Job. Job’s speech combines a number of themes, the major one being that human life is too ephemeral for God to worry about. “…look away from them, and desist, that they may enjoy, like laborers, their days.”
Out of a very different context Kundera wrote “We live everything as it comes, without warning, like an actor going on cold. And what can life be worth if the first rehearsal for life is life itself? That is why life is always like a sketch. No, ‘sketch’ is not quite the word, because a sketch is an outline of something, the groundwork for a picture, whereas the sketch that is our life is a sketch for nothing, an outline with no picture” (The Unbearable lightness of being). Does all of this just get swept away with the Doctrine of the Resurrection?
Acts. The slapstick comes to an abrupt end: “When Herod had searched for him and could not find him, he examined the guards and ordered them to be put to death.” Later, in Philippi, when an earthquake frees Paul and Silas in another prison: “When the jailer woke up and saw the prison doors wide open, he drew his sword and was about to kill himself, since he supposed that the prisoners had escaped. But Paul shouted in a loud voice, ‘Do not harm yourself, for we are all here’” (16:27-28). So the apostles learned something from Peter’s experience?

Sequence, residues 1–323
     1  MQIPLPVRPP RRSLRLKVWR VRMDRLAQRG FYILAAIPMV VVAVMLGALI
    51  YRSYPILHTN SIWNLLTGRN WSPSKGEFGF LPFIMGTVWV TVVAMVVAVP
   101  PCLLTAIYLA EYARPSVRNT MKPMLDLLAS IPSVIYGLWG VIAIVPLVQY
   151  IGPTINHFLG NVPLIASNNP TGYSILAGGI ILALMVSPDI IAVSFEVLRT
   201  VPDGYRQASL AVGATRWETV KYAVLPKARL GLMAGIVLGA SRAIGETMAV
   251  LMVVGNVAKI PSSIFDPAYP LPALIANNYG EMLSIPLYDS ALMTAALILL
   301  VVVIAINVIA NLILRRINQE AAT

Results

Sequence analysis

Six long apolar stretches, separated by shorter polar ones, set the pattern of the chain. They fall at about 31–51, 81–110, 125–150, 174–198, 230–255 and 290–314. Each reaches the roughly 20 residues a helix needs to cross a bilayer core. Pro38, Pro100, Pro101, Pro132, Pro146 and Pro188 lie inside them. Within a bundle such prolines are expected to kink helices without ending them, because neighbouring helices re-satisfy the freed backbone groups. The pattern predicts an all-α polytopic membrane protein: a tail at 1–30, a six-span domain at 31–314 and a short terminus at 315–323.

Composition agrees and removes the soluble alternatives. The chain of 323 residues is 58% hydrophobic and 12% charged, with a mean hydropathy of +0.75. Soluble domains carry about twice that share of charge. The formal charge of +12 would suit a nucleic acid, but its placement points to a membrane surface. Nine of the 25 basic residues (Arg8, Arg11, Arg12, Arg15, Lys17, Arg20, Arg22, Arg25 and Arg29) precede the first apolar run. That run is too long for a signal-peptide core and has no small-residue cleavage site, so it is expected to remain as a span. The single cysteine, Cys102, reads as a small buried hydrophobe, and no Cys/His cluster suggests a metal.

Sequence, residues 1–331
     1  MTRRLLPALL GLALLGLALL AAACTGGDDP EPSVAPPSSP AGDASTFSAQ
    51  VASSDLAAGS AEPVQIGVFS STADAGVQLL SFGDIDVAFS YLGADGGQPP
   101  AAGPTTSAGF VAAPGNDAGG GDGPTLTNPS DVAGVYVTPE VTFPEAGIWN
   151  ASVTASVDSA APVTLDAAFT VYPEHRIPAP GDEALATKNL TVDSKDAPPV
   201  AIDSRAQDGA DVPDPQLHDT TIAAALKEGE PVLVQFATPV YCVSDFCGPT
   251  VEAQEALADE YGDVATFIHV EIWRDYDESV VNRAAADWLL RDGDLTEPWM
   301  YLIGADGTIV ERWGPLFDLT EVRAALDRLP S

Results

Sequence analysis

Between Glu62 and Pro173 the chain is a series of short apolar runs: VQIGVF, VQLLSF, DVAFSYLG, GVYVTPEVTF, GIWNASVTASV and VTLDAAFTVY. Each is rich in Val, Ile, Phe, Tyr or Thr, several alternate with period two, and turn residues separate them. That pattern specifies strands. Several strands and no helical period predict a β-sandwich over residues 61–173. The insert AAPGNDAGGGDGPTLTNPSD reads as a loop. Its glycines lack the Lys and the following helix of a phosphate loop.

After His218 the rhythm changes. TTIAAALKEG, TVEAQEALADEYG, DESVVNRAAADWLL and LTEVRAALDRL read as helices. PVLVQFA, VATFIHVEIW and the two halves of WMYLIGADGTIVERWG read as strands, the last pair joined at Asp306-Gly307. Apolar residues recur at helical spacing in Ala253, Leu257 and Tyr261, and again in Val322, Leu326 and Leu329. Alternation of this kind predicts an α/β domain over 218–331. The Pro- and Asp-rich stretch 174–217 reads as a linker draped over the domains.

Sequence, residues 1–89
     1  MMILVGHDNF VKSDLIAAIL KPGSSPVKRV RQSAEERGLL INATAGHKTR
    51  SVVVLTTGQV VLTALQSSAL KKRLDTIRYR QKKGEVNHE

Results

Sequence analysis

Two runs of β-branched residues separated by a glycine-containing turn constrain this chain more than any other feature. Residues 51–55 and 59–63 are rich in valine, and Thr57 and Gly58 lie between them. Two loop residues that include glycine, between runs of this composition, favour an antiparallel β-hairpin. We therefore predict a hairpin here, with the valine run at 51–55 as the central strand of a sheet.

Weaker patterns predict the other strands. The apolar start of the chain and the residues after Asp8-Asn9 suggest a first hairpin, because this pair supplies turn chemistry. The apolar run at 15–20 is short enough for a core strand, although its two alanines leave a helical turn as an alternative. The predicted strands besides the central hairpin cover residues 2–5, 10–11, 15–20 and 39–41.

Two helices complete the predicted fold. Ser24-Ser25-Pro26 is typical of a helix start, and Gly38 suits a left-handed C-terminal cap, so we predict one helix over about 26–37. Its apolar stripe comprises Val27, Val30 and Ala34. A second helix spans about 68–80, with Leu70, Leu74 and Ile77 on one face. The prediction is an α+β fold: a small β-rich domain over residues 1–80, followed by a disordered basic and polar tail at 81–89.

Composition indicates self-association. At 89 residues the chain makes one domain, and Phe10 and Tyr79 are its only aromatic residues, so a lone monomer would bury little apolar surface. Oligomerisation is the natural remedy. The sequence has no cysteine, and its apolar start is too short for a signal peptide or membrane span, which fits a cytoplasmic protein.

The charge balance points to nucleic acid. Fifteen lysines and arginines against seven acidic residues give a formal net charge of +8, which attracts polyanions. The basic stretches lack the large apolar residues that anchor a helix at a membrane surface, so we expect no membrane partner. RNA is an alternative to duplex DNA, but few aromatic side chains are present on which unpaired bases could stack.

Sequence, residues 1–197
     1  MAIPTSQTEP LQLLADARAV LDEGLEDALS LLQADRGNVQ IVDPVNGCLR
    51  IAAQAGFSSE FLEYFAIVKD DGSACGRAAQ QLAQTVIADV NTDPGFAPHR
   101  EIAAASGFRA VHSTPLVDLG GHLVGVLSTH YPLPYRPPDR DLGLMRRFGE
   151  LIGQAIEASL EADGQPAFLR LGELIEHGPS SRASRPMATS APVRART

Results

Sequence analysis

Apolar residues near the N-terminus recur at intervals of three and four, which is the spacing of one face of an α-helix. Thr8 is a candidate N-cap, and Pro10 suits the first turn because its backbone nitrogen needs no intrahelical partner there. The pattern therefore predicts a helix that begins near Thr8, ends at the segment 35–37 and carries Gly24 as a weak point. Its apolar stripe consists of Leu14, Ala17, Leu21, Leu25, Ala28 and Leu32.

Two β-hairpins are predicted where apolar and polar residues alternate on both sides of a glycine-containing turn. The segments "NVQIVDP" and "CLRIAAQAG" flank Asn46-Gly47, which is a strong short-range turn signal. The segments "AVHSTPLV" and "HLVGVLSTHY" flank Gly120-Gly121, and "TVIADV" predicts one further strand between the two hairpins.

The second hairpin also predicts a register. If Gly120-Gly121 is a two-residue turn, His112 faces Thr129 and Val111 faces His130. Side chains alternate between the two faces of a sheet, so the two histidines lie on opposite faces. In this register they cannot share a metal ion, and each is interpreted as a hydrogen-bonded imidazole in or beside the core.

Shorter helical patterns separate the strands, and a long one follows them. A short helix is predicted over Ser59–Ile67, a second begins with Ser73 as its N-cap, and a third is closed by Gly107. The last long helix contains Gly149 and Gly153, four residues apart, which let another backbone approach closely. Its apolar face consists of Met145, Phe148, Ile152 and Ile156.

In vv.20-23 Luke affirms (celebrates?) a direct connection between Herod’s impiety and his appalling death. Is the world a better place when God meets and sometimes exceeds our expectations? Is Herod a stand-in for Luke’s expectations for other officials (in this life or the next)?
John. Both Jesus and the crowd are attacking. Is Jesus’ appeal to his not seeking glory another attempt to give the crowd reason to believe that will make sense to them? It’s hard to over-emphasize the importance of character in arguments, whether then or now.